My heart was soaring after our climb on Secteur du Temple up to La Grande Candelle. Again, very cold, windy conditions made for no other climbers in sight. The views on the approach to the climb continued to make me feel both so lucky to be able to experience places like this, and also sadness that I do not live closer and/or have more time to climb here more.
Not being able to feel my fingers for the first few pitches made things a bit challenging.
We also got off-route, and put up some kind of variation that made for some spicy, harder, adventure climbing, which I realize feeds my soul in ways other kinds of climbing fail to. Even after I started climbing again after my accident, I never thought that I would be doing this sort of climbing ever again: very exposed, airy, super run-out, leader cannot afford to fall-kind of climbing. Being on lead the entire time was definitely a little taxing, mentally and physically, in retrospect. But in the moment, I found myself very comfortable in this zone, and taking on an “I have a job to do to get us out of here safely” kind of attitude. Yves’ extensive military experience lets us relate a bit on things like this.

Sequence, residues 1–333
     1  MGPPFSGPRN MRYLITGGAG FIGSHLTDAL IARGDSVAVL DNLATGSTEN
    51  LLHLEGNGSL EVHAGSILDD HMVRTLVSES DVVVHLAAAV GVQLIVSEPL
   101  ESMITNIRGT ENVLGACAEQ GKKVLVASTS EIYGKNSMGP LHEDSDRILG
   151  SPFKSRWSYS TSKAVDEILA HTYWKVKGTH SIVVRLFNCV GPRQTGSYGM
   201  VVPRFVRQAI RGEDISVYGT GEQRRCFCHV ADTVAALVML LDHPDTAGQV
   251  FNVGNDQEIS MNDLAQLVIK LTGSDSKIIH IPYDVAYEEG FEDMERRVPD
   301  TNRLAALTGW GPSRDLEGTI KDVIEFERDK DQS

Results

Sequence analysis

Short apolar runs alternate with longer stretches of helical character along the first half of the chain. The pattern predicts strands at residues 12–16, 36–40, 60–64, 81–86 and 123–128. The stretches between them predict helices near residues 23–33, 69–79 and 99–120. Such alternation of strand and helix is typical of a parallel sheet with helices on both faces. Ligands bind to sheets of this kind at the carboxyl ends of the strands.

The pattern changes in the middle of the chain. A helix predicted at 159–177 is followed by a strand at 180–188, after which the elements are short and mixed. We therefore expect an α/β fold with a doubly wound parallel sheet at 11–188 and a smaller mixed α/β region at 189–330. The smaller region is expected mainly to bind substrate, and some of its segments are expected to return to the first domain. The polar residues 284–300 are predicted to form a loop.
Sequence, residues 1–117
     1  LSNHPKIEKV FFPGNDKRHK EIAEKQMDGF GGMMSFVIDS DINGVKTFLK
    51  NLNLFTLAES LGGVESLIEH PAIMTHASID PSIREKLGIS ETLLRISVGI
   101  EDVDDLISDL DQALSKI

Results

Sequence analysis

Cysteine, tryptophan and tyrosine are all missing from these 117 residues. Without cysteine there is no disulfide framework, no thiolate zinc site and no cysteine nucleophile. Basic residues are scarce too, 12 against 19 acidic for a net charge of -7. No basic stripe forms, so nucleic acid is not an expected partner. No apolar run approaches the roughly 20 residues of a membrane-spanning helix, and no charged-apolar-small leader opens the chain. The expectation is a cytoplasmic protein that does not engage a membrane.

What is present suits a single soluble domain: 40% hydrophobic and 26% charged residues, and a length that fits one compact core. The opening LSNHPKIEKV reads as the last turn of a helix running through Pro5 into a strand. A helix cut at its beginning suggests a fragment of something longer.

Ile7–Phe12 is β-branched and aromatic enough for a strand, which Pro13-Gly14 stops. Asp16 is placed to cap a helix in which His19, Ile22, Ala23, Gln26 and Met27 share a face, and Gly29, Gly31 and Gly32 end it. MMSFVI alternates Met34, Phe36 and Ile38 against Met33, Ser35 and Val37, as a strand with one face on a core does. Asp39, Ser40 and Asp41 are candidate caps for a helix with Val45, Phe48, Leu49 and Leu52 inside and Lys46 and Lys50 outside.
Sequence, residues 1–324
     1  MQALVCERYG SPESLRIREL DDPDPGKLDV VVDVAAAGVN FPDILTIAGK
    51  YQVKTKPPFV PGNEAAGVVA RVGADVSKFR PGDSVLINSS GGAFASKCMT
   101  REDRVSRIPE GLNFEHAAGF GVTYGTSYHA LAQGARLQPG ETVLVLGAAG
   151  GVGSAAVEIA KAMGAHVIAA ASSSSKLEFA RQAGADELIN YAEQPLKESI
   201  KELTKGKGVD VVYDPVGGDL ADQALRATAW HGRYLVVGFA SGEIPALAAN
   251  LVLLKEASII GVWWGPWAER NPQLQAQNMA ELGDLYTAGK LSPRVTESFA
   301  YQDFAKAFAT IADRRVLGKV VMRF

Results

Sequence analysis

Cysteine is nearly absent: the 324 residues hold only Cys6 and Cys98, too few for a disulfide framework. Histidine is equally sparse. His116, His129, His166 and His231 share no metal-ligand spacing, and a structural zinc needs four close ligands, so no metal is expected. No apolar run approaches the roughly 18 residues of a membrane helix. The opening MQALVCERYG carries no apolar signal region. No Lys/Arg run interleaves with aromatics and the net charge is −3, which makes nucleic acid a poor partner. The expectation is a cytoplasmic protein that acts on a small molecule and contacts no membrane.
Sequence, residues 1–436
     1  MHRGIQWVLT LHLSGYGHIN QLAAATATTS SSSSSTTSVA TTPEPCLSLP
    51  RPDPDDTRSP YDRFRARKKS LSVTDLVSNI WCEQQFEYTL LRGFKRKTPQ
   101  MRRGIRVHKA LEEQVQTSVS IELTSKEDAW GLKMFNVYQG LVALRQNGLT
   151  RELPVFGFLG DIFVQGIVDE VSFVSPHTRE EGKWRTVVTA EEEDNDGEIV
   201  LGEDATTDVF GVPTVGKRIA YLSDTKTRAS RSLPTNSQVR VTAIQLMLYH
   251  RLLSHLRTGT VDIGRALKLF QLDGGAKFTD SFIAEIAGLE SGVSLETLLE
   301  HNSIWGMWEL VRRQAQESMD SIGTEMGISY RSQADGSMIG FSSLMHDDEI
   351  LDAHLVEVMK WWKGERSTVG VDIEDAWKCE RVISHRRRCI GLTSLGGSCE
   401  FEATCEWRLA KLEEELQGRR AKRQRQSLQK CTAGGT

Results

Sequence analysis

The last few pitches, where we were off-route, reminded me quite a bit of the high alpine routes in the Sierra Nevadas, even if the former is limestone and the latter is granite. Both are similar in the wind, cold, heights, and exposure; and in both, you have to be careful of loose rock, be extremely focused and precise in mind and movement. It was incredible.
Our original plan had been to climb the 16 pitches to the top of La Grande Candelle. However, because it had already been so cold and windy on the first 9 pitches on Le Temple, and we knew it would be even windier and colder on the ridge the rest of the way up, we elected to exit the route at this point. Nevertheless, I was not disappointed to finish our climb and find the reverse approach in the daylight; sun, soul and heart singing from some incredible pitches.